'(Fwd) Re: PIC16C54 RC vs. XT'
crocontroller discussion list
|Tried to post this earlier, but it didn't get through, I don't think:
Has anyone thought of using the WDT? Just check the flag bits at the
beginning of your program, and you can tell if you're starting from
scratch (better init everything) or just waking up from the WDT.
You can set the WDT prescaler to the interval you want, then do your
loop stuff, and go to sleep. The WDT will wake you up. You just have
to structure your program to branch to the loop entry from the
beginning if it's a WDT entry...
That is, if you're not already planning to use the WDT for the obvious...
Someone give me a sanity check on this... I may use it in an upcoming
John R. Haggis outside mail, please respond to:
IBM Almaden Research Center netcom.comhaggis
927-2474 / ZZHAGGIS AT ALMADEN
--------- Forwarded Message Follows ---------
"My plan is to assign the prescaler to the RTCC and spin waiting for
it to equal zero."
That works; my usual technique is to set the RTCC to a negative number
and bit-test the MSB. Remember to account for the delay between
initializing the RTCC and when it begins to increment.
Paul Milazzo <bbn.com> milazzo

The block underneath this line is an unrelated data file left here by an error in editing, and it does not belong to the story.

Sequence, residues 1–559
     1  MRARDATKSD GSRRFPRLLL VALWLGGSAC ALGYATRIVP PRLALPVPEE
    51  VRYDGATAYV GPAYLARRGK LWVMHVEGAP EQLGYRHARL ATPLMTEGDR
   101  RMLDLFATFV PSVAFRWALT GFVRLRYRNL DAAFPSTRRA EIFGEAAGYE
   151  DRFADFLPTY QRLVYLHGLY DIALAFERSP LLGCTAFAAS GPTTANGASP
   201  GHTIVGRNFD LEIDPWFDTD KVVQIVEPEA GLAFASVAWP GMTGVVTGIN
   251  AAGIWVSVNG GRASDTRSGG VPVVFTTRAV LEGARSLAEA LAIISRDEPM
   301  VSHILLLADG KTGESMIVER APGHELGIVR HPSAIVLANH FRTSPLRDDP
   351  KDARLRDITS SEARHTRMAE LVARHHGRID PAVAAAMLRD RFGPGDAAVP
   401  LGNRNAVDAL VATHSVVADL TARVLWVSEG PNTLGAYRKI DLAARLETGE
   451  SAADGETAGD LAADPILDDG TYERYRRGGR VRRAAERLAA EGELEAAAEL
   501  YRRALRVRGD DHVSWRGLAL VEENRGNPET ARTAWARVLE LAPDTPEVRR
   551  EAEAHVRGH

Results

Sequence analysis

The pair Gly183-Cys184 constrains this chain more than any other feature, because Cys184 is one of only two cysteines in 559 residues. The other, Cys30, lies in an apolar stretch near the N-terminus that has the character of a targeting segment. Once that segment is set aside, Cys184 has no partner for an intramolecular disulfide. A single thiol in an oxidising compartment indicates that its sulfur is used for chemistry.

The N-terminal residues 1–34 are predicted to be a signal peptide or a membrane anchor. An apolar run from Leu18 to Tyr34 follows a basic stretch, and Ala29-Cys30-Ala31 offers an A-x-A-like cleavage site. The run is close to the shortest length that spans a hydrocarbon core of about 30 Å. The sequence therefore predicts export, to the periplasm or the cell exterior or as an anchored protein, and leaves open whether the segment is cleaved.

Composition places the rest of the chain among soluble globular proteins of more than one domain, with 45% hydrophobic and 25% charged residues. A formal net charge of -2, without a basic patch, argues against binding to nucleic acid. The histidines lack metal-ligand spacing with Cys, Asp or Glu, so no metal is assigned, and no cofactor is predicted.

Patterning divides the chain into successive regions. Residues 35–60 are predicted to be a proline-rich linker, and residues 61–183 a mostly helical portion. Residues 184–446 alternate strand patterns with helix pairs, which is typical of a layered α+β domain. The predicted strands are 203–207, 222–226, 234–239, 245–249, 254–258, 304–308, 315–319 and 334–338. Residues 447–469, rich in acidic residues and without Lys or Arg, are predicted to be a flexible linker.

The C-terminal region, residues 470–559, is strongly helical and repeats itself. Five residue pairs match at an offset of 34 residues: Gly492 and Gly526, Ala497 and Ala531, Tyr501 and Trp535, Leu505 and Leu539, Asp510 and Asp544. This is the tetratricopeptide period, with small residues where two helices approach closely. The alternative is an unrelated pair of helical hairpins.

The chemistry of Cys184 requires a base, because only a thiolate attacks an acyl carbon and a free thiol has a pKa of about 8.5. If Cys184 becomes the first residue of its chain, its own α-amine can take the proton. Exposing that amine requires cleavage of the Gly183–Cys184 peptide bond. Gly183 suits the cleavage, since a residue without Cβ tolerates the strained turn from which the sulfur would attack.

BBN Systems and Technologies
crocontroller discussion list
> Has anyone thought of using the WDT? Just check the flag bits at the
> beginning of your program, and you can tell if you're starting from
> scratch (better init everything) or just waking up from the WDT.
> You can set the WDT prescaler to the interval you want, then do your
> loop stuff, and go to sleep. The WDT will wake you up. You just have
> to structure your program to branch to the loop entry from the
> beginning if it's a WDT entry...
> That is, if you're not already planning to use the WDT for the obvious...
> Someone give me a sanity check on this... I may use it in an upcoming
> - JohnR
The only problem I see here is that the WDT is a free running on-chip
RC oscillator. To quote the DataBook for the PIC16C71:
The WDT has a nominal time-out period of 18 ms, (with
no prescaler). The time-out periods vary with
temperature, VDD and process variations from part to
part (see DC specs).
So you see, if you want accurate timing, the use of the RTCC is required
since it works off of the crystal controlled oscillator. If you put the
part to sleep, the crystal oscillator stops and you cannot really get
very accurate timing.
When I built a recording accelerometer using the 16C71, I used the RTCC
with prescaler, checked for zero in the RTCC in a tight loop, On RTCC=0
I sampled, did a little averaging processing, saved the sample to memory
via serial routine to EEPROM, then entered my loop. I figured out ahead
of time that by the time I finished my routines, the RTCC was no longer
at zero so I was not worried about entering the loop and immediately
jumping out again. Also, with the prescaler set to at least 4, you will
not miss the RTCC=0 point. I chose not to use the RTCC interrupt
because I didn't need to do anything else until the time for the next
sample rolled around. Your milage may vary of course.
Jerry Ethridge Richardson, Tx. |
ERICSSON NETWORK SYSTEMS /O\
exu.ericsson.se \_______[|(.)|]_______/ exujet
o ++ O ++ o
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